Cash and Carry
Cashing in on country legend Johnny Cash
By Greg Cahill
Are you ready for the Johnny Cash juggernaut? The Nov. 18 release of the Hollywood biopic Walk the Line, starring Joaquin Phoenix as the Man in Black and Reese Witherspoon as wife June Carter Cash, explores Cash’s rollicking tale of drug addiction and redemption. It’s already fueling a runaway truckload of interest in the late country singer.
And the recording industry is ready.
Thirty-four new reissues and compilations, focusing on every aspect of Cash’s 50-year stage and studio career, have either hit the shelves in the past couple of months or are scheduled for release in the coming weeks.
The Complete Sun Recordings, 1955–1958? Rockabilly fans rejoice; Time-Life will have it in stores on Nov. 8. Cash crooning to the inmates of Folsom Prison and San Quentin? Sony/Legacy just reissued 58 tracks of prison performances in a three-CD box set. Cash for the kids? Check out the country-music children’s album The Good, the Bad, and the Two Cookie Kid. Johnny Cash Reads the Complete New Testament? Thomas Nelson Publishers shipped this spoken-word treasure just this week.
While the upcoming film soundtrack should quench the thirst of casual Cash fans, there are a couple of recent compilations aimed at the hearts of more hardcore country-music buffs.
Cash: The Legend (Sony/Legacy) is a hardbound portfolio that gathers 104 tracks, including four previously unreleased songs, on four CDs with a booklet that includes authoritative essays and lots of personal photos. In many ways, this new box set rehashes material from 1993’s four-CD anthology The Essential Johnny Cash, 1955–1983 (Columbia Legacy). It features all the early hits, from the 1956 Sun label breakthrough hit “I Walk the Line” to 1963’s “Ring of Fire” (penned by June Carter) to the unexpected 1969 pop hit “A Boy Named Sue.”
The 1993 box set cashed in on Cash’s termination of his longtime contract with Columbia Records to sign with the Mercury label; Cash later referred to that period as his “mental divorce” from Columbia. But Cash: The Legend gathers material from the Sun, Columbia, Mercury, Island and Sugar Hill labels. The real gem here is disc four, which includes the singer’s collaborations with Ray Charles, former son-in-law Rodney Crowell, Bob Dylan, U2 and the Nitty Gritty Dirt Band.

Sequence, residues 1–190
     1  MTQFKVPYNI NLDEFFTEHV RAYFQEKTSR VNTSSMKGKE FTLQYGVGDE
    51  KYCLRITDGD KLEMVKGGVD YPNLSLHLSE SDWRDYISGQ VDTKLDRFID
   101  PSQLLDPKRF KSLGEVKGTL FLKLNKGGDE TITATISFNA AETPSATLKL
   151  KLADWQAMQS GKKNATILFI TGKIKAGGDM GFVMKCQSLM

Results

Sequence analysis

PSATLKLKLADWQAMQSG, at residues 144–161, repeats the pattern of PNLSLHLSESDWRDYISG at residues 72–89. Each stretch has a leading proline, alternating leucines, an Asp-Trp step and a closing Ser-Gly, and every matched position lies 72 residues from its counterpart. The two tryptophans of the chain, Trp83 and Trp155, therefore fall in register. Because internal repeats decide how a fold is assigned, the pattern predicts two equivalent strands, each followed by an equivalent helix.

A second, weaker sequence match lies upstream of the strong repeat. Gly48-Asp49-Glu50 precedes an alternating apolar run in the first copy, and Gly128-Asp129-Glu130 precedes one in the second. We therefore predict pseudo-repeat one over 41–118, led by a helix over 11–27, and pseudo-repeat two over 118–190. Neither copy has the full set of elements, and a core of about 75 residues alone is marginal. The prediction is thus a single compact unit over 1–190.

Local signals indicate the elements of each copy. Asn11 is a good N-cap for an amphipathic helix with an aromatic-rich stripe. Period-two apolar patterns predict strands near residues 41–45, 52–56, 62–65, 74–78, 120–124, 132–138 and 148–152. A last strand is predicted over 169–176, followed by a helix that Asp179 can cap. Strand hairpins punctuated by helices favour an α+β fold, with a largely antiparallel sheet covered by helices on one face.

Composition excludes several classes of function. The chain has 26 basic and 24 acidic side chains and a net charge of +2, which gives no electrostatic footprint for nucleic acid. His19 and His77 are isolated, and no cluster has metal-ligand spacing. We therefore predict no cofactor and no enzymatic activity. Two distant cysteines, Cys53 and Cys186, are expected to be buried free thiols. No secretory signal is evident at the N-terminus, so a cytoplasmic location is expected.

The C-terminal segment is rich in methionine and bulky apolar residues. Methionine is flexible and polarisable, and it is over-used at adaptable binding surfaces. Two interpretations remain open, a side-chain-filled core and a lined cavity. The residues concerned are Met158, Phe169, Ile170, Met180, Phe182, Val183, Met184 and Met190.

Released in tandem with Cash: The Legend is an eye-opening two-CD anthology Keep on the Sunny Side: June Carter Cash–Her Life in Music (Columbia/Legacy) that is essential stuff for any self-respecting Americana fan. Check out “Oh! Susannah,” performed by a precocious 10-year-old June Carter, or the then-20-year-old’s sassy rockabilly rendition of “Root, Hog or Die,” recorded in 1949 by the Carter Sisters and Mother Maybelle with guitarist Chet Atkins. There’s also Carter’s decidedly unsexy spin on the usually sultry “Baby, It’s Cold Outside,” recorded that same year with country and bluegrass duo Homer and Jethro.
Keep on the Sunny Side offers unapologetically honest music from a self-described plain old country girl who won the heart of one of country music’s rowdiest souls; it’s a collection that in many ways overshadows Cash: The Legend.
Meanwhile, if you want a taste of Cash’s classic tracks coupled with the naked solo acoustic performances he recorded at the sunset of his career in the living room of renegade producer Rick Rubin, check out The Legend of Johnny Cash (Hip-O). This newly released 21-track CD ranges from the Sun-era song “Cry, Cry, Cry!” to Cash’s gripping version of Trent Reznor’s “Hurt,” a Rubin-produced track first released on 2002’s critically acclaimed American IV: The Man Comes Around.
For a guy who grew up flat broke, Cash has left behind a legacy that has generated a cottage industry reaching a level on a par with former Sun label mate Elvis Presley.
From the October 19-25, 2005 issue of the North Bay Bohemian.
© 2005 Metro Publishing Inc.